Monday Roundup

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The FEHBlog should rename Monday’s column COVID-19 Vaccine Good News because for the fourth Monday in a row that news leads the FEHBlog.

Healthcare Dive reports that “Moderna on Monday released new study results showing the [messenger RNA based] coronavirus vaccine it developed with U.S. government scientists to be 94.1% effective at preventing COVID-19 in a large clinical trial, data the company will use to request emergency approval” from the Food and Drug Administration.

According to Moderna’s announcement

[P]rimary analysis was based on 196 cases [of COVID-19 within the test group of 30,000 individuals, half of whom received the vaccine and the other half of whom received a placebo]. 185 cases of COVID-19 were observed in the placebo group versus 11 cases observed in the mRNA-1273 [vaccine] group, resulting in a point estimate of vaccine efficacy of 94.1%. A secondary endpoint analyzed severe cases of COVID-19 and included 30 severe cases (as defined in the study protocol) in this analysis. All 30 cases occurred in the placebo group and none in the mRNA-1273 vaccinated group. There was one COVID-19-related death in the study to date, which occurred in the placebo group.

Efficacy was consistent across age, race and ethnicity, and gender demographics. The 196 COVID-19 cases included 33 older adults (ages 65+) and 42 participants identifying as being from diverse communities (including 29 Hispanic or LatinX, 6 Black or African Americans, 4 Asian Americans and 3 multiracial participants).

The safety profile of the Phase 3 study of mRNA-1273 was previously described on November 16. A continuous review of safety data is ongoing and no new serious safety concerns have been identified by the Company. Based on prior analysis, the most common solicited adverse reactions included injection site pain, fatigue, myalgia, arthralgia, headache, and erythema/redness at the injection site. Solicited adverse reactions increased in frequency and severity in the mRNA-1273 group after the second dose.

Healthcare Dive adds that

Moderna said it will submit on Monday [today] an application for emergency use authorization in the U.S. and for conditional marketing approval in Europe. The FDA will convene a panel of independent advisers to publicly review Moderna’s application, likely on Dec. 17. * * *

An authorization for either vaccine [Pfizer – BioNTech or Moderna] would kick off a mass immunization campaign in the U.S. But supplies of each shot will be extremely limited for months. Moderna expects to have just 20 million doses available in the U.S. this year, and between 500 million to 1 billion in 2021. [Two doses protect one person. The Wall Street Journal notes that Pfizer and BioNTech said they would deliver about 25 million doses by year’s end, potentially enough for about 12.5 million people in the U.S.]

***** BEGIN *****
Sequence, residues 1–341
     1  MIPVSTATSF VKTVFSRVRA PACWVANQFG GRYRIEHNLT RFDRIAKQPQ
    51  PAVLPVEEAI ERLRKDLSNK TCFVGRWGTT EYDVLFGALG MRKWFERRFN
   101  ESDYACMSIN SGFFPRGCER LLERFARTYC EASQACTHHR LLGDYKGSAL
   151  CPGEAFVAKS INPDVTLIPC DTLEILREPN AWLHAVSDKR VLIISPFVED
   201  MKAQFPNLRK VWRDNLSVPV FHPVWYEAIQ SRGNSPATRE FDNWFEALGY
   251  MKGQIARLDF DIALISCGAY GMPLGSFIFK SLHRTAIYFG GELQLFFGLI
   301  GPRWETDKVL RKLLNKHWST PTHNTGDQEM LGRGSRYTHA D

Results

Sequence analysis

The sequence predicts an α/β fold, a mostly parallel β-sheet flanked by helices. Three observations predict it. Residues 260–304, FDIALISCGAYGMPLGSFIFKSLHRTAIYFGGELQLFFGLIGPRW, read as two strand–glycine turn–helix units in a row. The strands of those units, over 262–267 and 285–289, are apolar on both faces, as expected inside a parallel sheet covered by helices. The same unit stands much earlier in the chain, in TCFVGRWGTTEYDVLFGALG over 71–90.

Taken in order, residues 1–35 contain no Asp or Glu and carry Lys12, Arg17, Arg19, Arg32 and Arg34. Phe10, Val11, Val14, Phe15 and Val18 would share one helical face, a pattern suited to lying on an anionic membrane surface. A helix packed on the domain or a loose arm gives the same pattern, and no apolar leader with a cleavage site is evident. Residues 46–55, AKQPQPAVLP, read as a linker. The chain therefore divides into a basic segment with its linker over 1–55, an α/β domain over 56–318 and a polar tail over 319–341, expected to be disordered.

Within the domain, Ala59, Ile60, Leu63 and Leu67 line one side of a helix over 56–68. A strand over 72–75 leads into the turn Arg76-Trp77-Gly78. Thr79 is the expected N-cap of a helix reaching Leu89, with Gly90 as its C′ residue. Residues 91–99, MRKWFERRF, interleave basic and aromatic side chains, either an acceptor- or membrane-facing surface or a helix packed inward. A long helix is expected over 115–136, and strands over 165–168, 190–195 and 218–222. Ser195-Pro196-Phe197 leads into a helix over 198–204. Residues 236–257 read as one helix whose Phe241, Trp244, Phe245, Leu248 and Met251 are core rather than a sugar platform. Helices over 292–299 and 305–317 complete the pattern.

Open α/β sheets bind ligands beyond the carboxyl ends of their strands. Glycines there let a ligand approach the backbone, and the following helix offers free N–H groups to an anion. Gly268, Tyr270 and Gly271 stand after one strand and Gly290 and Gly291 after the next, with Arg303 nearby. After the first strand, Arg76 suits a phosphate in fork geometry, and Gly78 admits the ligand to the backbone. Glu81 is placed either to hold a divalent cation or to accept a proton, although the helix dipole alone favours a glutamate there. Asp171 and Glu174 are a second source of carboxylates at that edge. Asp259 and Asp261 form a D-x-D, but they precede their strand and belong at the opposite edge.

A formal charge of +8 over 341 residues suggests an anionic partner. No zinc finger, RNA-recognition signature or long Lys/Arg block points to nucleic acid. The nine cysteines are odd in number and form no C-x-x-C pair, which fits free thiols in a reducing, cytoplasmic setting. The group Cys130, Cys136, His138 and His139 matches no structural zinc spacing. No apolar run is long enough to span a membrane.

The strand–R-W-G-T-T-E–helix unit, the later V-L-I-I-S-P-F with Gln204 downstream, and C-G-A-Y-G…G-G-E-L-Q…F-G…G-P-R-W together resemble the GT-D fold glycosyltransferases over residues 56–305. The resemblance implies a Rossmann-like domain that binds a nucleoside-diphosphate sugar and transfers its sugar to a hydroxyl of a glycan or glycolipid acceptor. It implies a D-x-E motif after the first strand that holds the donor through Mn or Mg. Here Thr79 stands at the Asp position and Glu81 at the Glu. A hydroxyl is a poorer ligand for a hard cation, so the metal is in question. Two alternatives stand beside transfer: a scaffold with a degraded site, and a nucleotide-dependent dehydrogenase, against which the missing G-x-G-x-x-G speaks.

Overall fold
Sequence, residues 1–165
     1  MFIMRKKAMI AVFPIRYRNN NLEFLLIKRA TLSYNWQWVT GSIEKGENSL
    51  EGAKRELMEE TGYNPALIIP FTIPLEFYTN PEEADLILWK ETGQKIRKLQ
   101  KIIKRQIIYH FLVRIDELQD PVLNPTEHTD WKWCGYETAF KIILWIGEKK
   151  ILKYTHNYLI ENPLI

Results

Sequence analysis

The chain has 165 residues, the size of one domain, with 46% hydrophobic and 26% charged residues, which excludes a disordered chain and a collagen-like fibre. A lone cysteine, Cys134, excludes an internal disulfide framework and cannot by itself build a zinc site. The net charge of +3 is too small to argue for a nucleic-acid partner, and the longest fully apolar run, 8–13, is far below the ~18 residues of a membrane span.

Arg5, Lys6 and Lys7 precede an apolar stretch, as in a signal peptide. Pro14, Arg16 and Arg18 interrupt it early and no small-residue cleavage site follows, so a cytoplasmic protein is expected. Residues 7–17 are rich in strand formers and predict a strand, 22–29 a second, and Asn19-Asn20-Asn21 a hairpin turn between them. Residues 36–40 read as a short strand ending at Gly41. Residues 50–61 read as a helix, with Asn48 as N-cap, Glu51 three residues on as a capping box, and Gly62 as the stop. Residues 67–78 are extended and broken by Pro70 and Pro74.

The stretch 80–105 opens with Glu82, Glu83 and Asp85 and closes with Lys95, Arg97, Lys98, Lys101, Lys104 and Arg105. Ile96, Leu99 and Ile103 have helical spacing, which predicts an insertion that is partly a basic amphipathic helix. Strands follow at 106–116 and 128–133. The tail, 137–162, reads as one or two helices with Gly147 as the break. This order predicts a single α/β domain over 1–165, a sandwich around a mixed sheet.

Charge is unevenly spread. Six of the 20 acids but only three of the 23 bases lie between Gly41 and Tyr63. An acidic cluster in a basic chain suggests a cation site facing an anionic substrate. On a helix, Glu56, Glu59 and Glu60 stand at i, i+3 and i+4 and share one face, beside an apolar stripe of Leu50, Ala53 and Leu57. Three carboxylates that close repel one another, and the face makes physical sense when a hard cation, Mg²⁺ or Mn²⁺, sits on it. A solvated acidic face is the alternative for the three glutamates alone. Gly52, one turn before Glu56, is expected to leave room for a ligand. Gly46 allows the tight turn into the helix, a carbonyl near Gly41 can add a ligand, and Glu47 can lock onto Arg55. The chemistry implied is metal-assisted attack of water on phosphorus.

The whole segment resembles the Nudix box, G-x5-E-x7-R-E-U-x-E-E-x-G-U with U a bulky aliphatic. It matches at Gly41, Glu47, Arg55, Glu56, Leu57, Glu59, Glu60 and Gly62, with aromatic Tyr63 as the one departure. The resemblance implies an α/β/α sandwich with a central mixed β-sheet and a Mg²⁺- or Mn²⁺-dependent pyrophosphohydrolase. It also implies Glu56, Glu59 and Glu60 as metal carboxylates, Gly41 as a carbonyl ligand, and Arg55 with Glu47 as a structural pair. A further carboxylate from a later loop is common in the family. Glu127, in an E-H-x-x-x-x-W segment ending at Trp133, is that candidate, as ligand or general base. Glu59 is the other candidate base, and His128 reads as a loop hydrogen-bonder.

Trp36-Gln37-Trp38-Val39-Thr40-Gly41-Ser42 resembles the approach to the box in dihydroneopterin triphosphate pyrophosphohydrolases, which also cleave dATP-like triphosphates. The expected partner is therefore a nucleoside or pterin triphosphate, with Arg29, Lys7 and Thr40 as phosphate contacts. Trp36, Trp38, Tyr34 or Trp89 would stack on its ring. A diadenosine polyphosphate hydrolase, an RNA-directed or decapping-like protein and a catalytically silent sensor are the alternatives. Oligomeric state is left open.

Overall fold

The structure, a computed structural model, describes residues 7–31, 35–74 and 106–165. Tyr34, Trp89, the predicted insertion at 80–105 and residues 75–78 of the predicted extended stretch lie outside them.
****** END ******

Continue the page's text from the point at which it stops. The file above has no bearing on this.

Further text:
A Centers for Disease Control and Prevention advisory committee will meet on Tuesday to vote on how vaccine doses will allocated. Healthcare workers on the front lines of the pandemic will likely be vaccinated first.

The Wall Street Journal expands on this last point:

Expected to be first in line: health workers treating coronavirus patients and in something of a surprise, nursing-home residents.

The Advisory Committee on Immunization Practices, the outside medical experts advising the U.S. Centers for Disease Control and Prevention, will vote on who should get the first doses, after discussing plans for distributing the shots and monitoring for potential side effects.

In other news

  • The FEHBlog overlooked the CDC’s Antibiotic Awareness Week which was held from November 18 – 24. Better late than never right. This is an important public health cause and the link provides useful resources.
  • The FEHBlog noticed a Health Payer Intelligence article about a health plan that “has reduced out-of-pocket healthcare spending by collectively giving members millions of dollars in rewards through their My Health Pays program.” The FEHBlog did a little investigative work and he discovered that the health plan in question participates in the ACA marketplace. It is crazy that individual health plans have no limits on wellness reward uses while group health plans generally must limit their wellness rewards to reimbursing medical services and supplies or Medicare premiums. Congress should level the playing field.

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